We were able to successfully clone our composite parts into DH5alpha E. coli cells, and Western Blots showed that the proteins were synthesized correctly. The bands were in the appropriate locations for the size of protein we were expecting.
This is an image of a Western Blot which shows that the mNG1-10 fragment was synthesized correctly.
This is an image of a Western Blot which shows that the mNG11 fragment was synthesized correctly.
Then, when the two populations of cells were cultured together, so that the medium was saturated with mNG11 and the other cell population contained mNG1-10 at high levels, lysis via sonicator showed that the split fluorophore came together to emit fluorescence at higher than background level.
In subsequent studies, there was a second positive result, in that lysing the cells with an antibiotic instead of sonication also generated an increase in fluorescence over time, as compared to the initial value. This suggests that the system works under the intended conditions. The fragments of mNeonGreen come together at a detectable rate after cell lysis.
The above graph demonstrates that 100 µl of Ampcillin (to a final concentration of 10 mg/mL) lyses the cells which retain the larger component of mNeonGreen (BBa_K2844009) at a rate sufficient for the first 10 strands of the beta barrel to join with the 11th strand (BBa_K2844006).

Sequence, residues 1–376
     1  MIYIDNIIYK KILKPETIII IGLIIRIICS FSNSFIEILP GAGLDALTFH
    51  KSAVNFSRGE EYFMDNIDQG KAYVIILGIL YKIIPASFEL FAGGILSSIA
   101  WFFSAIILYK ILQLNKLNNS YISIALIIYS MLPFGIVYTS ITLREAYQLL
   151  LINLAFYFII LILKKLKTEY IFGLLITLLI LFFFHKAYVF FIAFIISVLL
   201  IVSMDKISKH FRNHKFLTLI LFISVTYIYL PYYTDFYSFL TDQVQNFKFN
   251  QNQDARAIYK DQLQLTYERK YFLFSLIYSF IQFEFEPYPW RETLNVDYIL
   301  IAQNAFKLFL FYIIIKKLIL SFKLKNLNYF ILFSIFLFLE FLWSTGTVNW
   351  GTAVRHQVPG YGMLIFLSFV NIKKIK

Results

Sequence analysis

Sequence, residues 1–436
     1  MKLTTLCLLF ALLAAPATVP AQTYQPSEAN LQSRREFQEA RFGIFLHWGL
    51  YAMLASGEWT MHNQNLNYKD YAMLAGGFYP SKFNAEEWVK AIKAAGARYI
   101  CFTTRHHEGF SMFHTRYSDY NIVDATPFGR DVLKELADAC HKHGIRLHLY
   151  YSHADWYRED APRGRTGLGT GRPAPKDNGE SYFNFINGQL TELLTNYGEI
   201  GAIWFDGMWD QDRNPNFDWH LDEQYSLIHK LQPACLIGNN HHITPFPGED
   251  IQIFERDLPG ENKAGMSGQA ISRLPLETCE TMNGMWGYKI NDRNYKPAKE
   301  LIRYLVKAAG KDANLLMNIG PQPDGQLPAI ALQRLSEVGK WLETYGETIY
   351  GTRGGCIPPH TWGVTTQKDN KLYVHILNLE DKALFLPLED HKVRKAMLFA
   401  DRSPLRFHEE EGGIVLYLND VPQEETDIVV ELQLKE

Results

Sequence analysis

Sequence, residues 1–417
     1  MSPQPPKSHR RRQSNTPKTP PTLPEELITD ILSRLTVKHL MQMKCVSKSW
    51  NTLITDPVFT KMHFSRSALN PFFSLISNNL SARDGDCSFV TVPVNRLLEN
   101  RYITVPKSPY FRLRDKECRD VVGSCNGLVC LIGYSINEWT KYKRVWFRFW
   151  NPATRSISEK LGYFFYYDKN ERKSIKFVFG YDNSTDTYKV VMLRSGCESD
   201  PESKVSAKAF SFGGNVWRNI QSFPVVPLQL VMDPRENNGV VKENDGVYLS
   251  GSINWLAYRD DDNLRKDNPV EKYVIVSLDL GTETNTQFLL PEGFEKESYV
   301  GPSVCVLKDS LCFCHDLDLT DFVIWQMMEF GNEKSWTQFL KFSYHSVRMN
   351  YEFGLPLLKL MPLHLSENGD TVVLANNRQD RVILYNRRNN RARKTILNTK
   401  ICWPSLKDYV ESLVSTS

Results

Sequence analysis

In terms of difficulties, we were unable to submit DNA samples of our basic parts because the cloning step failed. Essentially we were unable to successfully isolate plasmids that contained the coding sequences for the parts we were interested in submitting. We were able to submit DNA samples of our composite parts, but the plan for submission had to be modified at the last minutes. Moreover, our original intentions for the carrying out part improvement experiments failed as well. We wanted to compare and contrast the relative properties of the fluorescent proteins mOrange and mOrange2, but could not successfully clone them into pSB1C3 either, and so had to abandon that component of our plan. In addition, we struggled to clone mNeonGreen into the backbone pHISTEV to generate an overexpression plasmid.
We had great difficulty cloning our biofilm parts into pSB1C3 and transforming cells with them for this component of our project. In fact, the only successful transformation carried out was of the alginate binding protein fused to mCherry. This transformation did however produce a pale purple protein which, when purified, had the appropriate His-Tag suggesting that the protein synthesized was our target molecule, and not the Red Fluorescent Protein within the pSB1C3 backbone it was meant to have displaced.
This photo is of a column containing the fused alginate binding protein and mCherry, purified by means of a His-tag